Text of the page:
Lorraine: Dr Hilary discusses symptoms of Lyme disease
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Lyme disease sometimes starts with “a circular or oval rash around a tick bite” says the NHS.
However, unlike other insect bites where the rash appears within hours, Lyme disease rashes can sometimes arise weeks or months after the tick bite.
The rash in question “can have a darker or lighter area in the centre and might gradually spread”.
In contrast to other seasonal rashes, it will not usually be hot or itchy.
As well as a rash, other symptoms of Lyme disease are:
• A high temperature, or feeling hot and shivery
• Muscle and joint pain
• Tiredness and loss of energy
• Pain and swelling in joints
• Nerve problems
• Heart problems
• Trouble with memory and concentration
However, it is important to note the latter four symptoms can appear months or years after the initial infection.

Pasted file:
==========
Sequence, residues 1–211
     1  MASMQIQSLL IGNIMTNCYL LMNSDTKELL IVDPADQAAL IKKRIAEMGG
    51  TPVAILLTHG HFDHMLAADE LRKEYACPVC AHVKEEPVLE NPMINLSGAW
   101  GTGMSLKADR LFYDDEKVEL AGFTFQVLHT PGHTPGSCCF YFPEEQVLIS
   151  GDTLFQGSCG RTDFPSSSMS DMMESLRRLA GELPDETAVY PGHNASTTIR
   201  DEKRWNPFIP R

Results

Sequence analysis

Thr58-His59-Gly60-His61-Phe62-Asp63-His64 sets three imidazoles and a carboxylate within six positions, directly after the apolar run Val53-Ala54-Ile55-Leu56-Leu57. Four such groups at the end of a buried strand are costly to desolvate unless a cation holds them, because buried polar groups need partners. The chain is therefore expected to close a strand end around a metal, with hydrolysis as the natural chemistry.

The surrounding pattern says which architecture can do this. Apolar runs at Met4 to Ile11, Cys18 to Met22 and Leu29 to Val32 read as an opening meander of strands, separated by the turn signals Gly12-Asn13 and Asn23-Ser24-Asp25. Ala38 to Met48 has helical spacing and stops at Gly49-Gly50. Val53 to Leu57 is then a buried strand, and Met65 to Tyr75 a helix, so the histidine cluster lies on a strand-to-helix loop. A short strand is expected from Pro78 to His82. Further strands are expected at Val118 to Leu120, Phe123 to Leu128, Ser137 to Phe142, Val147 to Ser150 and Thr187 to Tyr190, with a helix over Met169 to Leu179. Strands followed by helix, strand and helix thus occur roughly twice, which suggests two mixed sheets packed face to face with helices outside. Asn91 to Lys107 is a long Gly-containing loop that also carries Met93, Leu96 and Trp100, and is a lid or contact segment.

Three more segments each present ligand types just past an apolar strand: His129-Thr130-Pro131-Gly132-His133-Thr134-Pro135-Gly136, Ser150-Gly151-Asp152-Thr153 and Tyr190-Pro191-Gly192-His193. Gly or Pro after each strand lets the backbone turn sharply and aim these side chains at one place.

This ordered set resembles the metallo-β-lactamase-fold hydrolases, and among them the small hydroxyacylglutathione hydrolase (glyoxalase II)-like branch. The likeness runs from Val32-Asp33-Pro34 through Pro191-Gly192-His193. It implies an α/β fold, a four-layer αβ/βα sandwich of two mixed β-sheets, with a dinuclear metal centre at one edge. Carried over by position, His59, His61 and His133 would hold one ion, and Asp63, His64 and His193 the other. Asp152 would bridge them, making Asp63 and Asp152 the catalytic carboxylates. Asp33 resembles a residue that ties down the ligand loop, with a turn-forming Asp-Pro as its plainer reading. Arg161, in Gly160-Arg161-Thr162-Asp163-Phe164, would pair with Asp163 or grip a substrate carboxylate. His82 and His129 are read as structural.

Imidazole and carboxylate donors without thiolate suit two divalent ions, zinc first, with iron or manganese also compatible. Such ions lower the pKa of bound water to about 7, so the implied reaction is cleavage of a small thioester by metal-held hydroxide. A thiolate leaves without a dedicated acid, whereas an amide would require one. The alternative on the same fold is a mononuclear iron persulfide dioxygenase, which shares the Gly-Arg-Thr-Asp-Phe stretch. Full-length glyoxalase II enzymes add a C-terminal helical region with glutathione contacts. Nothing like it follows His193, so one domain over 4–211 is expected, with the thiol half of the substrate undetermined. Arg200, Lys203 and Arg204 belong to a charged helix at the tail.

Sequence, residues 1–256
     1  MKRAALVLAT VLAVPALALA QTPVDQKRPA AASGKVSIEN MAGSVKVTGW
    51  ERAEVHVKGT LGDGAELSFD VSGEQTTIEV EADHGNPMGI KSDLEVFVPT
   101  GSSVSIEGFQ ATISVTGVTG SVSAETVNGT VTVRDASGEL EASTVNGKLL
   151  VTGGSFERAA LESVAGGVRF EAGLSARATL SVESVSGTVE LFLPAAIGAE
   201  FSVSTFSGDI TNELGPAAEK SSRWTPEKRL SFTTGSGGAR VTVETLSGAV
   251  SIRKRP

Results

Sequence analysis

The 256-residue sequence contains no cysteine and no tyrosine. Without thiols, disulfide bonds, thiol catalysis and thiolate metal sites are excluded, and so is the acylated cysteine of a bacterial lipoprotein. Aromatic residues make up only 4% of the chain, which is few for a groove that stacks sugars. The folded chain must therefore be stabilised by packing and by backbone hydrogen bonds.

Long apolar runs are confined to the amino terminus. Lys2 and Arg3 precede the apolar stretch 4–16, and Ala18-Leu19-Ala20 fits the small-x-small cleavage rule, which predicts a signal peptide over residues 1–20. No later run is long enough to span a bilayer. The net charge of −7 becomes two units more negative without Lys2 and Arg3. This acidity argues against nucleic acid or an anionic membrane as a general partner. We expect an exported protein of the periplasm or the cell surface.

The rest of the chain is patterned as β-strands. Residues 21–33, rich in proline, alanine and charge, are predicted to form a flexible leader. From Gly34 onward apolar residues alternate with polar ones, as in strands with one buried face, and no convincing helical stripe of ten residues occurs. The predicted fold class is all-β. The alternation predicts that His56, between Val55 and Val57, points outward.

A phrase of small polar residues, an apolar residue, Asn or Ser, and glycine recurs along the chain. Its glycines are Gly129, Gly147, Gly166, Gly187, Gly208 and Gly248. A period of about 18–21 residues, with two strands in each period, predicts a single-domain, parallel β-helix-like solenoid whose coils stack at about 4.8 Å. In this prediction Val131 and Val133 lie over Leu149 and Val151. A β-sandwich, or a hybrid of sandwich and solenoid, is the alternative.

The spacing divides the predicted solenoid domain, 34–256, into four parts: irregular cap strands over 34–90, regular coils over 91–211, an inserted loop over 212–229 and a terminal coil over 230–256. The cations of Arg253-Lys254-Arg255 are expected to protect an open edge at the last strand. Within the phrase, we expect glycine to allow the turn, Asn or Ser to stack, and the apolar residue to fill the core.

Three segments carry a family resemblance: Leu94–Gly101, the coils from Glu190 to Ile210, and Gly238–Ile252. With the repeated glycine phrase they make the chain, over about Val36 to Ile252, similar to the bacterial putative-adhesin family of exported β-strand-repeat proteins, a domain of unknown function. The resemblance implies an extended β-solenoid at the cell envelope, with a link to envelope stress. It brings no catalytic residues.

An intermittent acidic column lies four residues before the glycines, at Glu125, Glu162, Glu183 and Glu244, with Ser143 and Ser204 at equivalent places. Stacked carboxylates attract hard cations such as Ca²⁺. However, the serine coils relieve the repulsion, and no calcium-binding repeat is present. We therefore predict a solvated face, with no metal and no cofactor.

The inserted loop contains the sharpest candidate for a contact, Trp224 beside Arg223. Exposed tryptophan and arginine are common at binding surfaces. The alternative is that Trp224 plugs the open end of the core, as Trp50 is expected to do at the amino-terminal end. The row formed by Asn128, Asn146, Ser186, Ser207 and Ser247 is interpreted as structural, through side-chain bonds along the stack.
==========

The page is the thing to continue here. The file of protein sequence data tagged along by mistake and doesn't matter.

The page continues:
Not everyone who gets bitten by a tick will get Lyme disease, but they should be removed just in case.
Nevertheless, if a person can avoid being bitten by a tick, they should do their utmost to avoid doing so.
The NHS suggests several ways to reduce one’s risk of tick bites including:
• Covering your skin while walking outdoors
• Tuck your trousers into your socks
• Use insect repellent on your clothes and skin
• Stay on clear paths whenever possible
• Wear light-coloured clothing so ticks are easier to and brush off.
The most important factor with Lyme disease, as with other conditions, is to get treated as soon as possible.
Some patients can experience ongoing symptoms of Lyme disease such as tiredness, aches, and loss of energy.
In this situation it is recommended an individual speaks to their GP as soon as possible.
As to why some people experience long term symptoms of Lyme disease and not others is not clear; more research is required in this area to provide a definitive answer.
The increased risk of Lyme disease comes amidst a time when people are increasingly worried about the shortage of hay fever medicine.
Recently, stocks have diminished of a type of antihistamine known as chlorphenamine maleate.
This is present in several hay fever medicines.
However, health experts have reassured the public there is no need to worry as there are plentiful supplies of other antihistamines such as loratadine and cetirizine.
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